The team then got hit by the flu-bug somewhere in between San Diego and Boston, and it accompanied them to Indy. It put Artrell Hawkins, the backup safety to the injured Rodney Harrison, out of the game. It rendered the steely Troy Brown eerily human (he ran a curl when he was supposed to run an out on the third down play that would’ve essentially sealed the game). Coupled with Rosevelt Colvin’s absence in the second half, along with Eric Alexander and Rashad Baker’s presence in crunch time, the Pats D was, for the first time, vulnerable. Not to mention uncharacteristically ragged and fatigued.
Yet we all feel that with another thirty seconds or so, Brady would have found a way to get the boys into the end zone, and onto Miami, because that’s what he does in January. But not this time. It took a perfect storm to drown the Patriots Sunday night. That is why I am not sticking to my comment from in the moment, that the dynasty is dead, because it isn’t. Unfortunately, this phase of it is. Guys like Tedy Bruschi, Corey Dillon, and Troy Brown all deserve to retire. Especially Bruschi.
I have a feeling we haven’t seen the end of some (maybe all) of that trio, but we certainly have seen their dominant days pass, and that is sad. That said, Brady is staring his prime square in the face. He has an offensive line that is young and cohesive, and most importantly, protects him. He has a budding running back that will emerge as one of the league’s best over the next few years. He has a young wide receiver with all the tools to become his next principal beneficiary, if he can only adopt the Patriot-ethic.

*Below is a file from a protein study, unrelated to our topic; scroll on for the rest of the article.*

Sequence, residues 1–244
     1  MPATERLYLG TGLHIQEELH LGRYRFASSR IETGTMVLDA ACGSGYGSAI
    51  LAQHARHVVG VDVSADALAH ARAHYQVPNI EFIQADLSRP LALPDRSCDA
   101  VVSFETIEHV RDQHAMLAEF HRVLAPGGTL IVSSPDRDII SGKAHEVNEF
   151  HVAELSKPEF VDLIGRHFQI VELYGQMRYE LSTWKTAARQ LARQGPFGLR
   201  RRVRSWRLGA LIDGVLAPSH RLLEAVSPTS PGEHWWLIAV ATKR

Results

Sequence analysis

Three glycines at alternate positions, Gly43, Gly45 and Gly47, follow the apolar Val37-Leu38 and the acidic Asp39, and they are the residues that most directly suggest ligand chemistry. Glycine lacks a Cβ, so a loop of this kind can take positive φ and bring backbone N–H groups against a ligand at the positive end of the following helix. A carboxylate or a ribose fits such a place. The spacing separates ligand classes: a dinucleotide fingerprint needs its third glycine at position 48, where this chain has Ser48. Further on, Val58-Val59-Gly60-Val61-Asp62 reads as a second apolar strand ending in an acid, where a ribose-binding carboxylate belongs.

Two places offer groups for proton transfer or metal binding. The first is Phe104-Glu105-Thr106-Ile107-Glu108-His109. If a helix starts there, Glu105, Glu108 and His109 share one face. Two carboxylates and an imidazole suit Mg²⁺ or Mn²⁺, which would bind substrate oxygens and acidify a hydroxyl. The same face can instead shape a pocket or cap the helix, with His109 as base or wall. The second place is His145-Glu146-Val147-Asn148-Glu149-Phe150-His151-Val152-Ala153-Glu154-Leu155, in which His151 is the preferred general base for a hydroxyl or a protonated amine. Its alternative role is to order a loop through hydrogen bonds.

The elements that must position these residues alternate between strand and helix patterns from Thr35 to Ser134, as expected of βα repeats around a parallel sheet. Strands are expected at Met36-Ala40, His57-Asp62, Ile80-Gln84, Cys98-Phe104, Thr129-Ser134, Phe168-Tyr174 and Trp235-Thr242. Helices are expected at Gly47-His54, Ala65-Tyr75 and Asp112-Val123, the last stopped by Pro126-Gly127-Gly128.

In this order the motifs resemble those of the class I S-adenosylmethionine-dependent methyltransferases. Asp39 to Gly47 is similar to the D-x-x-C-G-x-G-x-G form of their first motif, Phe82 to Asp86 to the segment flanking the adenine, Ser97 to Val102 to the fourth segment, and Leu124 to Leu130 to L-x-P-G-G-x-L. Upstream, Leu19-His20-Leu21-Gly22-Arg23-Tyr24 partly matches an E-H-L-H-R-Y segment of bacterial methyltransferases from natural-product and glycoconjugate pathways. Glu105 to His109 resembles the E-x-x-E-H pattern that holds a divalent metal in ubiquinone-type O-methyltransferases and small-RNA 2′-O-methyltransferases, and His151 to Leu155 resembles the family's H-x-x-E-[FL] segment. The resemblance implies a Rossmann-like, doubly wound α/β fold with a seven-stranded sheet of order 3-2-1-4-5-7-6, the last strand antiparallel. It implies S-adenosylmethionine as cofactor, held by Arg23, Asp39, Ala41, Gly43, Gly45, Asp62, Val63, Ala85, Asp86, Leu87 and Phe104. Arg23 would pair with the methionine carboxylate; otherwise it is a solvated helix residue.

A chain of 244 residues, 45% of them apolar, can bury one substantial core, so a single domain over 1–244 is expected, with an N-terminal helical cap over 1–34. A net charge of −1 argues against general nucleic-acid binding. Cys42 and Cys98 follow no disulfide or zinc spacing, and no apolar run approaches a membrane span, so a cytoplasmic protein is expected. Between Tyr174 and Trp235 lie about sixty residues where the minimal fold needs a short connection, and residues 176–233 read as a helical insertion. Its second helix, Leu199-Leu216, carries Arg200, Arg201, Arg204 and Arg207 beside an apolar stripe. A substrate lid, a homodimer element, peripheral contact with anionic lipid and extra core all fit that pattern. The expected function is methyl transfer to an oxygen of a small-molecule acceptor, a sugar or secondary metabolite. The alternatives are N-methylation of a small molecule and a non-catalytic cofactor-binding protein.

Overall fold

Defensively, the only area without question marks is up front, which is a good thing. With Vince Wilfork, Richard Seymour, Ty Warren and Jarvis Green manning the trenches for the next three years, the Patriots will be remain a run-tough defense. They must find a way to get younger and faster at the linebacker position, a notion we’ve never had to embrace in the Bruschi-era. And if they can find a way to keep Asante Samuel opposite Ellis Hobbs, good luck to opposing quarterbacks. If not, there’s still the x-factor, the reason why the Patriots have gone through 500 defensive backs in the last four years and have four AFC East crowns and two rings to show for it.
Bill Belichick. True, after this January good ole Bill may not be recognized as the classiest coach in the league, but he’s still the undisputed best. In Bill we still trust. So too does the Kraft family.
And as I alluded to before, Robert Kraft is not only a class-A businessman, he’s also a passionate Patriots fan who…HATES…LOSING!!!
He gave the Jets a first round pick just to snag Belichick, so don’t be fooled into thinking he’s going to let him get away (translation: the Giants may get Asante, but as for the guru, dream on). And don’t underestimate the mutual dependence Belichick and Brady have on each other. They each saved the other’s career. So with Brady’s best years on the horizon, watch as the Krafts hammer out a new deal for Belichick, and ride what they’ve been patiently waiting to declare as the second wave of the Brady/Belichick Patriots-dynasty.
I said after the second Super Bowl that when history was truly ready to look at the Patriots, Tom Brady and Bill Belichick would each have five rings. With that tandem at the helm you’re going to be hard pressed to find a Patriots fan who doesn’t believe that they’ll win another two. And thus we have revealed the one inherent similarity, rooted somewhere within our vast sports-psyches, between Red Sox fans and Patriots fans. We, more than any other fan base, embody our athletes.
Manny, Pedro, and the Sox got their title, are content with life, and can ride off into the sunset as perpetual champs. Brady, on the other hand, has made it no secret that his most coveted ring is the next one.
On both accounts, we concur.